Spreading food with a side of literacy, census education in Latino community
An Elgin group is finding new ways to promote early literacy and educate Latino families about 2020 Census participation during the COVID-19 lockdown.
The Elgin Partnership for Early Learning and community partners distributed 250 boxes of food, roughly 2,000 diapers and hundreds of bilingual children's books and literacy materials during a drive-through event Thursday. It was co-sponsored by Elgin Township, the Northern Illinois Food Bank mobile pantry, Illinois Census Office and Illinois Latino Caucus Foundation.
"We really had to change our focus pretty quickly and in some ways have turned into a social service organization for a bit," said Amber Peters, EPEL executive director. "We know that if families' essential needs are not met first, reading is not at the top of the (priority) list."
One milk, two milk:
Elected officials and Latino community leaders helped provide 2020 Census information and assistance to hundreds of Latino families during the drive-through food distribution Thursday in downtown Elgin.
"These are the hard-to-count communities," said Karina Nava, a board member of Elgin Partnership for Early Learning, part of Elgin's Complete Count Committee. She added, officials are planning to do more census outreach amid handing out boxes of milk, food, diapers and books at future events.
To complete the census online, visit 2020census.gov or call (844) 330-2020 for English or (844) 468-2020 for Spanish assistance.
Dr. Zaher Sahloul, a Syrian American pulmonary specialist from Burr Ridge, will receive the 2020 Gandhi Peace Award.
Among notable recipients of the prize -- awarded since 1960 by Promoting Enduring Peace -- are Eleanor Roosevelt, Benjamin Spock and César Chávez. The Rev. Martin Luther King Jr., also was chosen for the award but passed after being awarded the Nobel Prize for Peace a few months later, according to the nonprofit's website.
Sahloul was past president of the Syrian American Medical Society Foundation from 2011 to 2015 and led volunteer medical missions to care for Syrian refugees in Turkey, Jordan and Lebanon. In 2012, SAMS launched the "Save Syrian Lives" campaign. The group sponsors field hospitals and ambulances in Syria, trains and hires Syrian medical personnel and sends lifesaving humanitarian aid and medical equipment. SAMS currently operates in Syria, Jordan, Lebanon, Turkey, Bangladesh and Egypt.
Sahloul, 55, now is president of MedGlobal, a group of medical volunteers providing free health care to refugees and displaced people in disaster areas. He works in a COVID-19 unit at Advocate Christ Medical Center in Oak Lawn.
Dozens of volunteers from the Sikh Religious Society Palatine Gurdwara have been preparing and distributing hundreds of meals through the center's community kitchen to families in need.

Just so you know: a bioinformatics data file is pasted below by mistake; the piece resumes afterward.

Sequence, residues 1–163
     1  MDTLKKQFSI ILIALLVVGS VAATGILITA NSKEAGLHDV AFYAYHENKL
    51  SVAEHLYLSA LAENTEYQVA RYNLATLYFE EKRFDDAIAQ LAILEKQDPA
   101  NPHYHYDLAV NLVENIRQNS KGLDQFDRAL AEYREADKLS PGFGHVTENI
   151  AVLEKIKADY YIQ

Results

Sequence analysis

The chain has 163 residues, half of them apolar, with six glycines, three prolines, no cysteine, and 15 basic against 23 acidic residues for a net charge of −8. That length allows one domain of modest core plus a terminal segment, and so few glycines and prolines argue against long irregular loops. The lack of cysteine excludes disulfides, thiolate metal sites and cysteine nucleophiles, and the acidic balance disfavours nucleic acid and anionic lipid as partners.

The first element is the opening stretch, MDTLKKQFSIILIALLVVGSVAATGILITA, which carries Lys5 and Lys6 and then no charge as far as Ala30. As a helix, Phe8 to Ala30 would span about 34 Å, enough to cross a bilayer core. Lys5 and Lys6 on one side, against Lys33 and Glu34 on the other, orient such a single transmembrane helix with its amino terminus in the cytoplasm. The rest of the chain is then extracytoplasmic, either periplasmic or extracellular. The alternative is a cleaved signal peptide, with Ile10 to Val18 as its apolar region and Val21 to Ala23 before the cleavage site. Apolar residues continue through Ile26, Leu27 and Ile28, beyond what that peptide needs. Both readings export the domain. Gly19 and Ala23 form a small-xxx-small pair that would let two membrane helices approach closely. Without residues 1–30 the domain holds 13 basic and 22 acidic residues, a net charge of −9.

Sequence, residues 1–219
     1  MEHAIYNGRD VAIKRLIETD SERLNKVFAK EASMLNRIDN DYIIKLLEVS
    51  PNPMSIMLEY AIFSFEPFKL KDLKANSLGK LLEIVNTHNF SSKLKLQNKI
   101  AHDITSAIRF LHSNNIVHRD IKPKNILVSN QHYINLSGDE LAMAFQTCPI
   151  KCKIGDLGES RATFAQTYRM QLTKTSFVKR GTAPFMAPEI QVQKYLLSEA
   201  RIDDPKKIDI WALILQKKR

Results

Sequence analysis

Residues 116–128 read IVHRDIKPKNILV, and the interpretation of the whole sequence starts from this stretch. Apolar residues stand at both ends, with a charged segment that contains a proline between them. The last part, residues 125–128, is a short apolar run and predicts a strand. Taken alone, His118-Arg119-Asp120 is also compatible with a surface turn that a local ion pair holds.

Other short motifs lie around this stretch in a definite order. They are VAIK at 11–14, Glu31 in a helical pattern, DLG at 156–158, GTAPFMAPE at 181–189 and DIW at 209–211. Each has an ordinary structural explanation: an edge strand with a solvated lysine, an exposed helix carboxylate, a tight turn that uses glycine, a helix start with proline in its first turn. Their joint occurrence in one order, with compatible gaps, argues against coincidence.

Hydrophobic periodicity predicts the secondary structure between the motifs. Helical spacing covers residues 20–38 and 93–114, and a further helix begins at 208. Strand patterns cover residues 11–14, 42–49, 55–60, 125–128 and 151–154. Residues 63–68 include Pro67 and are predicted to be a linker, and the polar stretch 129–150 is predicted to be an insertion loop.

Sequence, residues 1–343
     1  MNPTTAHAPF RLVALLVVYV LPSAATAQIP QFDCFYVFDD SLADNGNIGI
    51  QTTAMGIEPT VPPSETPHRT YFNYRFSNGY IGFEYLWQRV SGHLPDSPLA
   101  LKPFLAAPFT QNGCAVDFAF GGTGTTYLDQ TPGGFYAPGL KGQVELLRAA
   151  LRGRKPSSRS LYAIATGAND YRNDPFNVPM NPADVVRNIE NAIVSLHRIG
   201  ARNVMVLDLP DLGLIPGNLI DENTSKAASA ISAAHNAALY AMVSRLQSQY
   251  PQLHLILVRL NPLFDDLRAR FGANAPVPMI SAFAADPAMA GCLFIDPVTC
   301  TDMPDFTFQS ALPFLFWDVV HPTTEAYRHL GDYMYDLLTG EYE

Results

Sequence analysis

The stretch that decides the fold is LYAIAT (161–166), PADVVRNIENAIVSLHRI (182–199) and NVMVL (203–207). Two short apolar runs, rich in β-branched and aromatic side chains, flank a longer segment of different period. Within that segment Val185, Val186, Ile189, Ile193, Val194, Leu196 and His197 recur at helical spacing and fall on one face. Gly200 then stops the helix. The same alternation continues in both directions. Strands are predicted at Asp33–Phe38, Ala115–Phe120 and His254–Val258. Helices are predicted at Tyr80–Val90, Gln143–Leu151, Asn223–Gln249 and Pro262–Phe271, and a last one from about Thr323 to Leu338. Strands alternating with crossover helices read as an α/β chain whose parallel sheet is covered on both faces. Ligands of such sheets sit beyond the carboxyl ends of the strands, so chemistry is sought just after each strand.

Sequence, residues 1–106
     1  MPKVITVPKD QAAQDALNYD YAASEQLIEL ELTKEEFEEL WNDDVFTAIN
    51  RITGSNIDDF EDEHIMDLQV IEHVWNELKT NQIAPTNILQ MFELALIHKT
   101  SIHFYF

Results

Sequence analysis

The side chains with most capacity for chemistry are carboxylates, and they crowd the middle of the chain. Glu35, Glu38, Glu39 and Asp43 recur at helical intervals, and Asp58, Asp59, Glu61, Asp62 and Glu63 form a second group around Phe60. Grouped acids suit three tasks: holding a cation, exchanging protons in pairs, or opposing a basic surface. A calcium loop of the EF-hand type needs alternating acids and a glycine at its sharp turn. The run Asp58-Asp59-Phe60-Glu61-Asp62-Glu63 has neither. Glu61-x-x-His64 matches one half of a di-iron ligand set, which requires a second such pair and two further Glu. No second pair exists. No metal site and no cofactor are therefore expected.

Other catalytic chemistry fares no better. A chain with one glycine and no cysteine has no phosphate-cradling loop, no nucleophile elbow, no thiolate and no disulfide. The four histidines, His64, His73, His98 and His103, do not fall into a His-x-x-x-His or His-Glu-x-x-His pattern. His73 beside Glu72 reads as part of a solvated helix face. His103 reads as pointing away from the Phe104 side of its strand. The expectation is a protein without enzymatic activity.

They deliver 250 to 300 meals to the local Salvation Army every Saturday. The gurdwara's COVID-19 support group also has been helping families with food and medication deliveries, said society President Pardeep Singh Gill.
Volunteers from local faith and community organizations helped distribute 42,000 pounds of chicken Saturday to immigrant families at Wheaton Bible Church in West Chicago. The meat was donated by Max Hurtado, president and CEO of Chicago-based Amigos Meat.
As of Saturday, West Chicago has the second-highest number of confirmed COVID-19 cases -- 697 -- in DuPage County. (Addison has the most: 722) Hispanics comprise 53% of the cases.
"The immigrant community in West Chicago has been substantially hit by COVID-19," said state Rep. Karina Villa, of West Chicago. The demand for food assistance also has increased dramatically among "essential workers" and immigrants who have lost their jobs, she added.
"The community partners have numerous food drives and hundreds of people drive away empty-handed," Villa said. "(It) brings attention to the need because a lot of times the Latino communities in the suburbs are forgotten about."
Free summer meals:
As school is out, children and families that rely on free or reduced-price meals through the National School Lunch Program no longer have access to food.
The Summer Food Service Program provides free healthy meals and snacks to children and teens up to 18 years old at hundreds of sites statewide.
Families can find their nearest summer meals site by calling (800) 359-2163, texting "FoodIL" to 877-877 or visiting summerfeedingillinois.org.
Open meal sites don't require a fee, signup, proof of identity or legal status for anyone 18 and under to receive a free meal. Closed meal sites require signup and sometimes a small fee to participate. These include summer camps or other programs that require registration.
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